Accompanied by Miami Mayor Tomás Regalado, Miami-Dade Schools Superintendent Alberto Carvalho and two local school board members, Scott promoted his education proposals — almost $21 billion in combined state and local funding for schools, of which he hopes to spend $58 million on teacher recruitment and retention.

Asked if he was concerned about Florida House Speaker Corcoran's opposition to his education budget, Scott said he was confident the state had enough revenue to invest more in schools. "We have the money to do this," Scott said. "There's nothing more important."

--KYRA GURNEY

Richardson asks Scott to use emergency power to take control of women's prison in Gadsden County

Richardson at GadsdenWarning that inmate health and safety is at risk at the state’s largest privately run women’s prison, Rep. David Richardson on Thursday asked Gov. Rick Scott to use his emergency powers to replace the top officers and take state control of Gadsden Correctional Facility.

In a letter delivered late Thursday, Richardson asked Scott “to direct the Florida Department of Corrections to install a temporary warden, chief of security, and other resources you deem necessary to restore order and reverse what I can only describe as a loss of institutional control.” Story here. 

Photo: Rep. David Richardson at Gadsden Correctional, Courtesy of David Richardson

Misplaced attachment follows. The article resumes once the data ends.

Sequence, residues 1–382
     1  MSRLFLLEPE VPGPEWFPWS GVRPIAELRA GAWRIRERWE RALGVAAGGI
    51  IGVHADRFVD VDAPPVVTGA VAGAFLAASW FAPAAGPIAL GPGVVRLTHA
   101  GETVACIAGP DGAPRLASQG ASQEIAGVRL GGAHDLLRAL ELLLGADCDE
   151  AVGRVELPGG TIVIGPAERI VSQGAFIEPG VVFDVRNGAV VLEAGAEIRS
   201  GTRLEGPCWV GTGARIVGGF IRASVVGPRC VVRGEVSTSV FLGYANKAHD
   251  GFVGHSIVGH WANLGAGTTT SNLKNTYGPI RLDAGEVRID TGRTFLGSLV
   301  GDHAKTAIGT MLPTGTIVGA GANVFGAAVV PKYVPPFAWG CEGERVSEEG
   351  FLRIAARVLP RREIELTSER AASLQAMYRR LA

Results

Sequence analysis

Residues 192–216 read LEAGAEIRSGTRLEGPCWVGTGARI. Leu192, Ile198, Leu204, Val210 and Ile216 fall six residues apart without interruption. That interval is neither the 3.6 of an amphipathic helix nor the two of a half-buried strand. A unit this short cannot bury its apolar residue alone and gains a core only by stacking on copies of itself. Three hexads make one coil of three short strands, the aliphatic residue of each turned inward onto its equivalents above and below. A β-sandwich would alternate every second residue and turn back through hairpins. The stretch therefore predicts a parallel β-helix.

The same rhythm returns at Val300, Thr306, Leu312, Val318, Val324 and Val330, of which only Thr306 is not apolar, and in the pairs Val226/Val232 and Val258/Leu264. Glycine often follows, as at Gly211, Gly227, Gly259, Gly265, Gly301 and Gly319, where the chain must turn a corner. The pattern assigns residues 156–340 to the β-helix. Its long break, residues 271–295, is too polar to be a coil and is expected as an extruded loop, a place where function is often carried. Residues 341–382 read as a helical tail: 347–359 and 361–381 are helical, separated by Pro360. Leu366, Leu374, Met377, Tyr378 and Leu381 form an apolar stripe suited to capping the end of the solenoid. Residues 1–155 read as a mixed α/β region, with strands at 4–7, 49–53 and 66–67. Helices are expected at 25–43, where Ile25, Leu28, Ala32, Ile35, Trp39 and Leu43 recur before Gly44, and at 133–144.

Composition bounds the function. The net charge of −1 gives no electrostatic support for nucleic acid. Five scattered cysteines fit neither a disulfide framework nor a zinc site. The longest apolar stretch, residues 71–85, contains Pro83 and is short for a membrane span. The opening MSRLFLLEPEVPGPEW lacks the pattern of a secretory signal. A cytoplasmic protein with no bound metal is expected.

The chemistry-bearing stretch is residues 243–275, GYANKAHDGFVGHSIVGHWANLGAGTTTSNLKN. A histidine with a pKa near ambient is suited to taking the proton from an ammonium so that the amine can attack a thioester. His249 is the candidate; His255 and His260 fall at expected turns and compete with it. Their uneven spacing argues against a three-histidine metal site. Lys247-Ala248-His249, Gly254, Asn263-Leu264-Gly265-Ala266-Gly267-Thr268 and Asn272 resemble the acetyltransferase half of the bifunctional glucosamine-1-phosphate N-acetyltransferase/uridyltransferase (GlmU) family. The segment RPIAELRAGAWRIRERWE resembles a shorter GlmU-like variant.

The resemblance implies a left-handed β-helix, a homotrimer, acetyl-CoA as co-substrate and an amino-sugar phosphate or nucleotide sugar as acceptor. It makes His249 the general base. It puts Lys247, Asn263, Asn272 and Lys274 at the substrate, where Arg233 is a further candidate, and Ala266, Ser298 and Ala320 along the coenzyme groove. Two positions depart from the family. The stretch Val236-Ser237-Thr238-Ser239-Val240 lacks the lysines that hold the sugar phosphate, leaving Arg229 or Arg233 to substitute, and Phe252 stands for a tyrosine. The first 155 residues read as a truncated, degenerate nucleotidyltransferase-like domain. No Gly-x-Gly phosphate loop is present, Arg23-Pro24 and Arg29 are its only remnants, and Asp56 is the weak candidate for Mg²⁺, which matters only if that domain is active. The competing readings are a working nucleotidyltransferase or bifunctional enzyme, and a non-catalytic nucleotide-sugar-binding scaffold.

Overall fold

How Nelson and Rubio voted on internet privacy rules

via @learyreports

The Senate voted today to kill regulations that would prevent Internet providers from tracking and sharing personal data without consent, and Florida Sens. Bill Nelson and Marco Rubio were on opposite sides.

Nelson voted against the measure; Rubio voted for it.

The Associated Press explains:

The regulations would have required a company like Verizon to get approval before telling an advertiser what websites customers visited, what apps they used, their health and financial information, or their physical location. Under the regulations, many more people likely would have chosen not to allow their data to be shared than if they had to take an extra step of asking a company to stop sharing or selling their information.

Industry groups and Republicans protested the regulations. They said broadband providers would have to operate under tougher privacy requirements than digital-advertising behemoths like Google and Facebook.

Nelson blasted the move. “We are talking about taking privacy rights away from individuals if we suddenly eliminate this rule,” the Democrat said in a statement after the vote. “This is a gold mine of data, the Holy Grail, so to speak.”

“It is no wonder that broadband providers want to be able to sell this information to the highest bidder without the consumer's knowledge or consent,” Nelson continued. “And they want to collect and use this information without providing transparency or being held accountable. Is this what you want to inflict upon your constituents in your state by changing this rule about their personal, sensitive privacy?”